Saturday, March 5, 2011

Soap production

Learn To produce soap today from the master and say bye-bye to poverty...
     Before we proceed, permit me to bring to you the similarities between soaps and detergents as some people who claim to know everything about soap will not even care to tell you.
          Soaps and detergents are always seen as metallic esters due to their possession of both hydrophobic and hydrophilic areas. The hydrophobic side makes your soap to be soluble in water while the hydrophilic side, being the hydrocarbon side is always oily (your fatty acid), it makes it possible for your soap to terminate their incidences of backward reaction. ie. The hydrophobic side does not allow the already washed dirt to re-deposit itself again on the material washed which may be your clothe. 
     This is what makes detergent production and soap production almost the same process.

As i said earlier, the process of producing soap is similar that of detergent with exception of few differences in the compositions. But, people were once asked in my school during their I.T. defence, the difference between soap and detergent. This, some people said that soap is solid while detergent is powdery. For me, as a Universal Engineer, I saw that the difference is just that soaps are biodegradable while detergents are synthetic, not in the area of state. We have liquid soaps which the procedure of production can be made available on demand. Please, permit me to use chemical terms a bit.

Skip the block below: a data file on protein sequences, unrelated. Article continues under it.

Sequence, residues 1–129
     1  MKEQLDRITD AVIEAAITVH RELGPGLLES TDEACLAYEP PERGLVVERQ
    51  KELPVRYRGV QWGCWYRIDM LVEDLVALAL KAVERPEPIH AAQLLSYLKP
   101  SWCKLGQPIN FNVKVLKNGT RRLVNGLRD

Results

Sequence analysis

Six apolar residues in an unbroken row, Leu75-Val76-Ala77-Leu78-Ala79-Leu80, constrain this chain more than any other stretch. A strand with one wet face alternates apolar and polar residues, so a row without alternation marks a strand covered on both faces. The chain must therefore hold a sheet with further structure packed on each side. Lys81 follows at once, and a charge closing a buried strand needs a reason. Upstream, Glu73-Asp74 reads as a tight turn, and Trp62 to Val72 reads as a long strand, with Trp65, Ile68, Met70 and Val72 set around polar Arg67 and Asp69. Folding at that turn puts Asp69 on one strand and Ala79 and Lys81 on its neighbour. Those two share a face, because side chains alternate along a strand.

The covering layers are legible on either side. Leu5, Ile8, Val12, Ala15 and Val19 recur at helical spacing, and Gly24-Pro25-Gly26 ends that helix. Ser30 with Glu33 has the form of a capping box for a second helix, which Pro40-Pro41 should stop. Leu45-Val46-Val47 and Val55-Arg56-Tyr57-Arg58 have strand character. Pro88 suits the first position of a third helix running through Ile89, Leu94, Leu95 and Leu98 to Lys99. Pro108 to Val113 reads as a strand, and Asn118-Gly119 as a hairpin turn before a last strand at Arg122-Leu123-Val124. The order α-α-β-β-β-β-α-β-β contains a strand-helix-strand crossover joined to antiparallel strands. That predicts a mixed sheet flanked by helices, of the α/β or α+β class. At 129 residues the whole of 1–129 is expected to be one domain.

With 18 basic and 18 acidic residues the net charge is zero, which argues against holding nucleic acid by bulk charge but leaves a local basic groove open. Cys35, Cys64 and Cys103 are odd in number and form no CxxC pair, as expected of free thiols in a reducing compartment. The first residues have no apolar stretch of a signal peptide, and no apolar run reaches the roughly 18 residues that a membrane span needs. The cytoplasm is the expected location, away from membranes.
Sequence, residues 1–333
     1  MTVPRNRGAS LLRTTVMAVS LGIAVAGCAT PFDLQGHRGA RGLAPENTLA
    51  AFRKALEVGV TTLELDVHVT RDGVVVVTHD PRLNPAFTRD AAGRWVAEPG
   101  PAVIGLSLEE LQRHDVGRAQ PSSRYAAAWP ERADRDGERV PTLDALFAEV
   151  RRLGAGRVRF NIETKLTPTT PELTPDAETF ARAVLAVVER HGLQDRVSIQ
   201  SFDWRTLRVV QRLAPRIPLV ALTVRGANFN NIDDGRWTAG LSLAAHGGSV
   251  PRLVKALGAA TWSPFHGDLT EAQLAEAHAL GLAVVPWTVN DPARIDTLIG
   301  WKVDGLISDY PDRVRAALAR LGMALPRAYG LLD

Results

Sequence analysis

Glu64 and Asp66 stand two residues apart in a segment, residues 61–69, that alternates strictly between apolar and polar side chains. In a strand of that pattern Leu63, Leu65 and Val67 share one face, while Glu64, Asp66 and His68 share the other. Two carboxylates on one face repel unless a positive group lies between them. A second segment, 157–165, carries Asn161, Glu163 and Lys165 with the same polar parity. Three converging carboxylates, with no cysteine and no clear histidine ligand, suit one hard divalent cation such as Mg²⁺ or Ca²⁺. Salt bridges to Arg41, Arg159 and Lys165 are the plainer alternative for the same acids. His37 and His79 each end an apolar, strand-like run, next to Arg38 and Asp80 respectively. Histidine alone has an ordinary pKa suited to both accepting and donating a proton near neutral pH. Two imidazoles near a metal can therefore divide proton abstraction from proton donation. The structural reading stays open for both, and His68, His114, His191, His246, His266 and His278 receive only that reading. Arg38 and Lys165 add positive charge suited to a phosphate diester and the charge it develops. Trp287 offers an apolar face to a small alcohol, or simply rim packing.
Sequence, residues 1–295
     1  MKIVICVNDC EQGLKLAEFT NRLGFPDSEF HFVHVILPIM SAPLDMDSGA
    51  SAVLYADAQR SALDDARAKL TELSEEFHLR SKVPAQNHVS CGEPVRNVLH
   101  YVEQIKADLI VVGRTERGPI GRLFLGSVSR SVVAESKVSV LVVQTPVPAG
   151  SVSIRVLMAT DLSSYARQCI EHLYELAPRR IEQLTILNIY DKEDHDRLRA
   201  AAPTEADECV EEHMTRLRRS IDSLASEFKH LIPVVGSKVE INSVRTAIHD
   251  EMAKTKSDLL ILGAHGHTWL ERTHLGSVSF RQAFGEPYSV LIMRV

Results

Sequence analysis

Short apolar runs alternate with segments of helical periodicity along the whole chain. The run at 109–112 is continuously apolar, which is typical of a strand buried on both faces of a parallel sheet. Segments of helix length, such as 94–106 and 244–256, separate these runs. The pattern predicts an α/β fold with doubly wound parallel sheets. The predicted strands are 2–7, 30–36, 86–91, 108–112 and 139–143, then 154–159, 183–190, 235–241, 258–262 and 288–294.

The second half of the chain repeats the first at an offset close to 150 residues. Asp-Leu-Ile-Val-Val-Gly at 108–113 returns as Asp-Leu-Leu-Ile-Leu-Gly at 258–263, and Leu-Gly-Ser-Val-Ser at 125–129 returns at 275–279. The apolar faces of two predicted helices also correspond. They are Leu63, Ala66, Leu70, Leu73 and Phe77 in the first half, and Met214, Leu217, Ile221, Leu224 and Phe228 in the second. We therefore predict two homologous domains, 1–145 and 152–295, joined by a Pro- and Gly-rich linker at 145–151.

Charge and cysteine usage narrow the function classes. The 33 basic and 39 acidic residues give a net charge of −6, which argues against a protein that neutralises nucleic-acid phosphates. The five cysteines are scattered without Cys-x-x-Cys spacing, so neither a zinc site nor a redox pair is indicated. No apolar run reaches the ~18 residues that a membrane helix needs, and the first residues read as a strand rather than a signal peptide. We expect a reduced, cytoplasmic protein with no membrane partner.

Further definition:
     Soap is a metallic ester that contains 13 to 18- molecules of Carbon and about 35-molecules of Hydrogen.

      This is a chemical way of saying that a something is made from natural products.
Metallic ester:
       From our physical sciences, we know that a metal is something that has the ability to react. Esters are ………………………. (test your brain here)
Soaps are metallic esters due to their possession of hydrophobic ( Oily or insoluble in water, ie. hydrocarbon chain) and the hydrophilic (water loving or soluble in water, i.e. COO- Na+
During this process a slow chemical splitting of the neutral fat takes place; the fatty acids  then react with the alkali carbonates of the plant ash to form soap (this reaction is called saponification).



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